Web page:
Social distancing has taken away almost all the support systems we set up to enrich our children’s lives while we were away at work. Without grandparents, babysitters, art classes, playgrounds, and sports facilities, many of us are feeling the pressure to hover, help, and high-five our kids 24 hours a day. The good news is that it’s neither possible nor needed. A better strategy is to use this time to help your children become more responsible and self-sufficient. Encourage passions that engage them and keep them busy so you can focus on your work. Set up “work zones” around the house where anyone can go to get their work done in peace. Also, have fair rules and responsibilities that teach them the importance of working together as a family. How will you manage shared space and resources, like internet bandwidth? Who will be responsible for keeping the area clean or putting out the garbage?
Of course, as any parent knows, things won’t always go as planned, and certainly not initially. They’ll forget to do their chores, or fight over whose turn it is to play the video game. And they’ll run to you to solve all their petty problems—even if you’re in your sacred “work zone!” Rather than playing mediator day and night, or losing it completely when you just can’t take it anymore, set up reasonable consequences in advance for when they fail to stick to the rules and responsibilities.
Let Go a Little
The other day, a client spent a good chunk of our call talking about how she was struggling to find time to work because of all the other things she needed to do. Granted, most of us have more on our plates than we can manage. But many of us are struggling to reprioritize because we’re married to perfection. Women often bear the brunt of it because we grow up with subtle messages to be perfect, and can be exceptionally hard on ourselves when we can’t be everything to everyone all of the time. If you relate, perhaps now is just the time to let go of this addiction. The world is giving us permission to be imperfect. It’s okay to let your children play for longer than you normally would. It’s okay to leave the family room messy overnight. It’s okay to feed them frozen pizza and fries for lunch sometimes. Let go of the need to be perfect to feel good about yourself. Have self-compassion for the acrobatics you have to engage in to keep things running as smoothly as possible. And use this time to connect inwards to what you truly value, so you’re productive toward a meaningful goal, and focused on the important things in your life. Between deadlines and distractions, pickups and drop-offs, the world doesn’t give us many chances to do so. Now’s your chance; harness it.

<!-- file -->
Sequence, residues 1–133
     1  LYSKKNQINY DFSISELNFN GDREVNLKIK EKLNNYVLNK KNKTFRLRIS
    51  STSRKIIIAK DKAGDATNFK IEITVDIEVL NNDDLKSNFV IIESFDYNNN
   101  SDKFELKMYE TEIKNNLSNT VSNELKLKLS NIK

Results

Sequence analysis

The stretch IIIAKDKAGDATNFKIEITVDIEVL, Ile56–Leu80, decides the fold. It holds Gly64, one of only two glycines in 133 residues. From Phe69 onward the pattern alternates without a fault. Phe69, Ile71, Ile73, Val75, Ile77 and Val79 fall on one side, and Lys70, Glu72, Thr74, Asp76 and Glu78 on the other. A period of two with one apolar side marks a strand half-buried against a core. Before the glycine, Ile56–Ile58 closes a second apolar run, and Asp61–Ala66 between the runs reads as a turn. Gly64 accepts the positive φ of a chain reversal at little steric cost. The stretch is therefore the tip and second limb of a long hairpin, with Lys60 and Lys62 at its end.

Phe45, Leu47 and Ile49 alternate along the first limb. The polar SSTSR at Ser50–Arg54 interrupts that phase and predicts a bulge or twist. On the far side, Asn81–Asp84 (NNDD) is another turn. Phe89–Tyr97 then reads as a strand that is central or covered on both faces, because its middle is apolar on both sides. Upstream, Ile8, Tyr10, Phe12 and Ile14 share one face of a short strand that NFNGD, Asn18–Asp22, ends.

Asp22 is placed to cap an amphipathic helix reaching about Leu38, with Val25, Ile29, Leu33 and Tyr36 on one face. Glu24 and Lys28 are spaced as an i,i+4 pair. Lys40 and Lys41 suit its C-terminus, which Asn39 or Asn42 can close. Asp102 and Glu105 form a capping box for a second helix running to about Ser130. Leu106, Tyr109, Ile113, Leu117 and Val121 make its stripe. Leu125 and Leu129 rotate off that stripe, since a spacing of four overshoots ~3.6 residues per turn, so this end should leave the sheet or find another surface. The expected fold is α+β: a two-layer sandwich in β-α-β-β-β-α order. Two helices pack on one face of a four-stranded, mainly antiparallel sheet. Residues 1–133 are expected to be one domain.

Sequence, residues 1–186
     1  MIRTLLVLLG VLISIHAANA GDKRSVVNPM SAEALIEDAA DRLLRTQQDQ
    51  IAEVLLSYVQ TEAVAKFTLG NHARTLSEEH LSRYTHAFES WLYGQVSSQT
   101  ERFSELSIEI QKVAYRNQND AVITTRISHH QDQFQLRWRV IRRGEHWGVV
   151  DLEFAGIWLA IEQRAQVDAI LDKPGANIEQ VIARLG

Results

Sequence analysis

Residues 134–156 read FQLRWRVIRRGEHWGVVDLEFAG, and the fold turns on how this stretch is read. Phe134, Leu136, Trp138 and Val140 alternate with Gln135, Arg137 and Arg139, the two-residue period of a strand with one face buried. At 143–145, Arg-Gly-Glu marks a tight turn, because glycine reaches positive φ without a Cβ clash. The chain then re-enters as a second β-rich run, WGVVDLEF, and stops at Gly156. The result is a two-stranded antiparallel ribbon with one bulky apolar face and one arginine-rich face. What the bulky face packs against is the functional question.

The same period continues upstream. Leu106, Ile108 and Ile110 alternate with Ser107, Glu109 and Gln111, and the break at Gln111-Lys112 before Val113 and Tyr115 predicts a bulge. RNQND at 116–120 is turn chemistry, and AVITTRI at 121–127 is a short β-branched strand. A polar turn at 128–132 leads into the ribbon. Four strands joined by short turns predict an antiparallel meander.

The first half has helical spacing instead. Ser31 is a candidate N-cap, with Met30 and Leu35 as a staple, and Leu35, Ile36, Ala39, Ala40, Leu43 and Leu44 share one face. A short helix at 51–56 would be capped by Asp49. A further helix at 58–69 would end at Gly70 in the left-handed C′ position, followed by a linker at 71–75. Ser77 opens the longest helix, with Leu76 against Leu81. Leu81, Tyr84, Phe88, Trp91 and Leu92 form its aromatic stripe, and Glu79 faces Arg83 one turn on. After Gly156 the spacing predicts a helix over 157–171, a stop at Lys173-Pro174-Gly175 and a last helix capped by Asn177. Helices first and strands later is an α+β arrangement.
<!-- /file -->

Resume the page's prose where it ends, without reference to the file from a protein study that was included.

Manage Your Energy
With work and life all jumbled into one, managing our energy for the long haul has never been more important. And because we’re running a marathon not a sprint, performance psychologist Jim Loehr’s advice can be particularly helpful. He breaks down energy into four sources: physical, emotional, mental, and spiritual. How well are you looking after each?
Are you sleeping, moving, and eating well, and making sure your children are, too? You don’t want them high on lack of sleep and pent-up physical energy!
Are you managing your stress levels, engaging in activities that give you much needed “jolts of joy,” and staying away from nonstop news? This is also important for the sake of our children, because emotions are contagious, and children are exceptionally sensitive to our feelings.
Are you pacing yourself and taking regular sanity breaks to share your challenges with a partner or a friend?
And are you doing something every day to live by your values, and to stay connected to something larger through gratitude, contribution, and helping others through the crisis in big or small ways?
Remember, as a parent, you’re a role model. And there’s no better time than now to lead by example. Through the small actions you take every day, you’re writing your story of courage in times of challenge. It’s the story that will help your children grow into the resilient and conscientious adults you hope they will become.
Homaira writes and coaches about thriving at work and in life despite challenge and chaos. Access her free resources to grow through the current crisis, or take the confidence quiz that's based on her research on women’s flourishing.